The death toll in the severe COVID-19 outbreak at Regina's Parkside Extendicare home has risen in recent days to 33, as the spread of the virus slows and many of the residents recover.
From Dec. 18 to Dec. 23 — when the last update to residents' families was provided — Extendicare reported another 13 deaths among residents who had been infected with the virus in the 228-bed facility.
The next update is expected on Monday.
Cases at home declining
As of the Dec. 23 update, the number of active infections among residents and staff continued to decline, with only four infected residents at the home. That's down from 160 of the facility's 200 residents who tested positive when the outbreak was at its worst in early December.
The Dec. 23 numbers do not account for active cases among the approximately 25 people who were moved to another Regina facility, Pioneer Village, or the dozen residents who were transferred to Broadview Union Hospital, located east of the capital.
Seven Parkside positive residents were in hospital.
As residents have recovered — a total of 113 as of last Wednesday — the home has seen something of a return to normalcy.
"Residents have started to transfer back into their own rooms," according to Extendicare. "Cleaning staff are doing deep cleans in various parts of the building and resident belongings have begun to be brought out of storage, cleaned and returned. This process will take some time."
"All recovered and negative residents are now able to be off isolation and come out of their rooms," the company stated in its Dec. 22 update. "There is planning underway for residents to eventually have physically distanced meals in the dining room."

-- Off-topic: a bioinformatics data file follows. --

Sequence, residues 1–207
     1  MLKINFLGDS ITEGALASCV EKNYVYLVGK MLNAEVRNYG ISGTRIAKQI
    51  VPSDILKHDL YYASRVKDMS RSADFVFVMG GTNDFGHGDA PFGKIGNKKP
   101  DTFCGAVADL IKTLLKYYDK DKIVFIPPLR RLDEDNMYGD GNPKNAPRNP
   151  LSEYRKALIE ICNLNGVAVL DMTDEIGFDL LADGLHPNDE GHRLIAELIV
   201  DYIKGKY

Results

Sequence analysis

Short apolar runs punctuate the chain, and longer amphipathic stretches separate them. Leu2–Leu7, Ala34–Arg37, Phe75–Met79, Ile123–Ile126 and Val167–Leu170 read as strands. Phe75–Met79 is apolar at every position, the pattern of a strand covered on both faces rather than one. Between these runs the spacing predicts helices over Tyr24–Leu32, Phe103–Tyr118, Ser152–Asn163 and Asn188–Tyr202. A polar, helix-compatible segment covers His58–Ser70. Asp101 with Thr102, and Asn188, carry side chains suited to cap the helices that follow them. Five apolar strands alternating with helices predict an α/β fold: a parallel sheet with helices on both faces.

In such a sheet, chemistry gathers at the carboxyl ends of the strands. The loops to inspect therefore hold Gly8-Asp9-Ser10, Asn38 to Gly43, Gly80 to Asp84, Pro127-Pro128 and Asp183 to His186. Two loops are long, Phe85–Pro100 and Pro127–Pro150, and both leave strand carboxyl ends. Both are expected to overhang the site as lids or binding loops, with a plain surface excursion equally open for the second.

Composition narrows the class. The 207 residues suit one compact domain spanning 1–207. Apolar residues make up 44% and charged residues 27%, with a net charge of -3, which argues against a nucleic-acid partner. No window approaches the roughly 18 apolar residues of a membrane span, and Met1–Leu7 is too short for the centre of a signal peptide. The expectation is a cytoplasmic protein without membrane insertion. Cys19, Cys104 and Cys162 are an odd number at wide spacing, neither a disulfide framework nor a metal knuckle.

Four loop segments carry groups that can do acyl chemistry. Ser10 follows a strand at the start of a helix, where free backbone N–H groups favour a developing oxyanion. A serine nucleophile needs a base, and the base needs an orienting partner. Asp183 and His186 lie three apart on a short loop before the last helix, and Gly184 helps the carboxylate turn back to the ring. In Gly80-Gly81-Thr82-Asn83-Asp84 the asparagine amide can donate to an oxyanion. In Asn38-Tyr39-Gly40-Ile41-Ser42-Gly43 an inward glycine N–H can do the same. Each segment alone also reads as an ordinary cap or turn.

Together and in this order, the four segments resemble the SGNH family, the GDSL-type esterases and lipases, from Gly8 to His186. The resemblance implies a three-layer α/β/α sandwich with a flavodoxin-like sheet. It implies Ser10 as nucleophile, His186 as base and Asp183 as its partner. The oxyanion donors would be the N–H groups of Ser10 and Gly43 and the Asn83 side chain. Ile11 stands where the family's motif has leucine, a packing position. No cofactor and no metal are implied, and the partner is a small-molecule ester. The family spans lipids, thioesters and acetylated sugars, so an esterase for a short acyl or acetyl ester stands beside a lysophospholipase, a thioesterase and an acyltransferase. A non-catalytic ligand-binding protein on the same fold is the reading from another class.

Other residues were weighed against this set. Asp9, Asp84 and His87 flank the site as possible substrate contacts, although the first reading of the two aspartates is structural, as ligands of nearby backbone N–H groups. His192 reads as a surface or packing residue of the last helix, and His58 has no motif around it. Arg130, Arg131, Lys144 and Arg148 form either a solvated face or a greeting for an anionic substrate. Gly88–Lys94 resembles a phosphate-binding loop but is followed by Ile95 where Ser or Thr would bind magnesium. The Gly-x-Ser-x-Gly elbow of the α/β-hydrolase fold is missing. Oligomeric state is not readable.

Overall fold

On Dec. 18, Extendicare said it was starting to see improvements in its staffing levels. By the Dec. 23 update, Parkside had 45 active cases among staff, compared to a high of 86 infected workers in earlier in December.
'Heightened' PPE use discontinued
Earlier this month, a spokesperson for the Saskatchewan Health Authority — which temporarily took over operations at Parkside on Dec. 9 and began speaking on behalf of Extendicare — said it had "heightened our measure for N95 [mask] usage" at Parkside. Extendicare also said several areas of the home had "extremely poor" air flow.
In its Dec. 23 update, Extendicare said that heightened PPE measure had been lifted.
"The system was inspected and air flow assessed," the company stated. "In addition, HEPA filters were put in place and have significantly improved air exchange rates. With nearly all the residents now COVID-19 recovered, this has significantly reduced the environmental contaminant load throughout the building and therefore HEPA filters are no longer required, with the exception of COVID positive resident rooms.
"All staff at Parkside must still follow appropriate PPE and infection, protection and control practices for a long-term care setting and wear medical grade masks at all times, using proper donning and doffing procedures."
The outbreak at Parkside is the worst known situation in a long-term care home in the province.